If something happens to the foundation of the food chain than everything supported by it fails as well. And this is exactly what’s happening in the ocean. The changes in pH balance are especially rough on smaller life forms. But their death makes it much harder for larger forms of life to get food. And this creates a chain effect that has a huge impact on every form of life in the ocean.
5. Human Food Supply
People often assume that store bought fish comes from artificial marine farms. This process, called marine aquaculture, has a lot in common with terrestrial agriculture. The basic concept is the same. But the difficulty is quite different.
This is also why the effects of ocean acidification are so worrisome for humanity’s diets. We’re simply not at a point where it’s easy to raise fish from larval stages. There’s the occasional exception. But for the most part people need to actually go out onto the water to get fish.
And when ocean acidification hurts that population than humanity’s food supply becomes damaged as well. This is especially worrisome given that fish are such an important source of nutrients.
6. Oceanic Calcification
The effects of ocean acidification on oceanic life should be clear by now. It’s obviously a very negative element for anything which lives in the water. But perhaps the most direct causal relationship comes from oceanic calcification.
The discussion on reefs did touch on oceanic calcification. But it impacts every form of life in the ocean. Anyone who’s had a broken bone can attest to how much of an impact it has. The issues with mobility are obvious. But that’s in a species which weathers it at an optimal level.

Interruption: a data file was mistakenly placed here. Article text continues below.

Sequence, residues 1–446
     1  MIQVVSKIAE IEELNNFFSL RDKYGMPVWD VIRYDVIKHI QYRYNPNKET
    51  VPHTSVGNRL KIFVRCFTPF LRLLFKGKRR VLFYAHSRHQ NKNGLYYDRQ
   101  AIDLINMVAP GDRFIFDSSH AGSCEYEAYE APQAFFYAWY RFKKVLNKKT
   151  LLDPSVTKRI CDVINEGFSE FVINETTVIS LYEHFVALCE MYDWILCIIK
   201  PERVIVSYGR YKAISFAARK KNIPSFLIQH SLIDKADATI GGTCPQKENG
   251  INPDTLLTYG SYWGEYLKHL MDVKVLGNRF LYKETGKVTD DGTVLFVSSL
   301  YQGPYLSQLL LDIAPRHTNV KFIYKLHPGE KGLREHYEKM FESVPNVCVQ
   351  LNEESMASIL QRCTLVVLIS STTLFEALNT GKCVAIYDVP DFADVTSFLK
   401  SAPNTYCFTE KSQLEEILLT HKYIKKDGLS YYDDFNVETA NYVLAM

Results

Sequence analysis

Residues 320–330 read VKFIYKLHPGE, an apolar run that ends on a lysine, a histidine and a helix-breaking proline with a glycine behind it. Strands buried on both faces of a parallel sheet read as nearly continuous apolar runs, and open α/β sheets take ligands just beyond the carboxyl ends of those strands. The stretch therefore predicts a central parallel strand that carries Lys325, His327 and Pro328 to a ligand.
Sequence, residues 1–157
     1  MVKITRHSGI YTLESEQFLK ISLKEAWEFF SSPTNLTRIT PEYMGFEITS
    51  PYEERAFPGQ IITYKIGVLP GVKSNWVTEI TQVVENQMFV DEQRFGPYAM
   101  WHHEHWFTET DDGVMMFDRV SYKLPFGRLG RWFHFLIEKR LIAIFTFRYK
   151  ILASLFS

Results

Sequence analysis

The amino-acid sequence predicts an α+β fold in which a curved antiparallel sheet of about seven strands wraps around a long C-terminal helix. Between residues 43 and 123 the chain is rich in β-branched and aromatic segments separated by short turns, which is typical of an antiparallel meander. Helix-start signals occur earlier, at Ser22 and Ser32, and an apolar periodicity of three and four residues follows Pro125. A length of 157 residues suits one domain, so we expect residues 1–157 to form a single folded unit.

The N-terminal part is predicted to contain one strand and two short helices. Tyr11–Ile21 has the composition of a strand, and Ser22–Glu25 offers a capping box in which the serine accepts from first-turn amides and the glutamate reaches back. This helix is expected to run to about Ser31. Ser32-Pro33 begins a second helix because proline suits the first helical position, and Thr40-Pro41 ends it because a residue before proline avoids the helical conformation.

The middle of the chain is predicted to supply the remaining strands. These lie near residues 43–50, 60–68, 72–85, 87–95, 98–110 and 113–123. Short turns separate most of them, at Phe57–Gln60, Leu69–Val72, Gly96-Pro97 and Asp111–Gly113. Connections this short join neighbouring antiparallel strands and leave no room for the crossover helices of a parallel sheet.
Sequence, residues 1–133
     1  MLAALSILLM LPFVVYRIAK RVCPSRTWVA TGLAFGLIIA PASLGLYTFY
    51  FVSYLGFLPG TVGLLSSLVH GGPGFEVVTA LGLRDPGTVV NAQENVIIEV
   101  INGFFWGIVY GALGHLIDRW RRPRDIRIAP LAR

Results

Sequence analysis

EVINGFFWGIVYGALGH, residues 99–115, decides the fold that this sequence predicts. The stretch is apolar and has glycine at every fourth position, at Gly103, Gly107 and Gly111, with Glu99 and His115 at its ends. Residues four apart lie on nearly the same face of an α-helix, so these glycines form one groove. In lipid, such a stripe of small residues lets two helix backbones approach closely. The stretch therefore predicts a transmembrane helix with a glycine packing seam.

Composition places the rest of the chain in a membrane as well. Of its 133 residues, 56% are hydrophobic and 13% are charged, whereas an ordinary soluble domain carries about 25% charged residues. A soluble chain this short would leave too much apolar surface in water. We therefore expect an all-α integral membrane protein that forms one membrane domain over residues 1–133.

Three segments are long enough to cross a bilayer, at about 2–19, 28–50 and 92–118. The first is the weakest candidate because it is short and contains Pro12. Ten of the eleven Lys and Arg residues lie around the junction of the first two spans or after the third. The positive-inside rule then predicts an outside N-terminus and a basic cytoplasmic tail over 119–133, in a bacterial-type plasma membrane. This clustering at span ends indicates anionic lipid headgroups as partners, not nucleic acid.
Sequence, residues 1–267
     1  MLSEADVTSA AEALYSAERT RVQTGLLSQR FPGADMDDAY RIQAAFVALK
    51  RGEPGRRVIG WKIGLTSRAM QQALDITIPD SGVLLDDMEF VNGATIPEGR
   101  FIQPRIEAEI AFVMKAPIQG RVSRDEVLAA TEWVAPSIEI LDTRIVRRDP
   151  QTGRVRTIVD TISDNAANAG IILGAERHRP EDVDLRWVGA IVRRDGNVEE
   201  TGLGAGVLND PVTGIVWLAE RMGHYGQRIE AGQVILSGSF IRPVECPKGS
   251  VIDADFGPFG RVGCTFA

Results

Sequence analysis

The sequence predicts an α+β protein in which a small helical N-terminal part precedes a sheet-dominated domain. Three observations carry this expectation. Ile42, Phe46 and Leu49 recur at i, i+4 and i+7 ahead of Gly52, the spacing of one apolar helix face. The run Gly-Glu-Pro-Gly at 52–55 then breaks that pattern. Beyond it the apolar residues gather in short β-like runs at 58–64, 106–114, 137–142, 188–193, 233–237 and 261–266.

Humans have medical care to take care of bone problems. And on top of that people also usually have an optimal amount of dietary calcium intake. One can imagine how rough it’d be for someone who lacked both calcium and medical care.
But that’s the situation caused by ocean acidification. The process impairs calcium generation within oceanic species. And this in turn creates issues for adult specimens. But worse, it makes it much more difficult for marine life to go from larval to adult stages at all.
This is easily the most intimidating item on the list on a purely empathetic level. Hypercapnia refers to CO2 induced acidification of body fluids. Basically, it makes a fish’s blood become too acidic.
Obviously not too acidic for basic functions. But just because an organism can stay alive with elevated acidity doesn’t mean that they’ll function well.
It creates a situation where the vast majority of a marine population can be thought of as continually near death. Sickly organisms hardly able to function. This often comes along with other effects of ocean acidification. The end result is mass loss of fish life and biodiversity.
In conclusion, it’s quite clear that ocean acidification poses a significant risk. However, looking at the effects of ocean acidification shows one recurring theme. A huge amount of it is simply due to human involvement. And what humans have damaged humans can also fix.
That’s why it’s so important to share this information with others. Along with talking with them about ways we can all work together to make the oceans a healthier environment.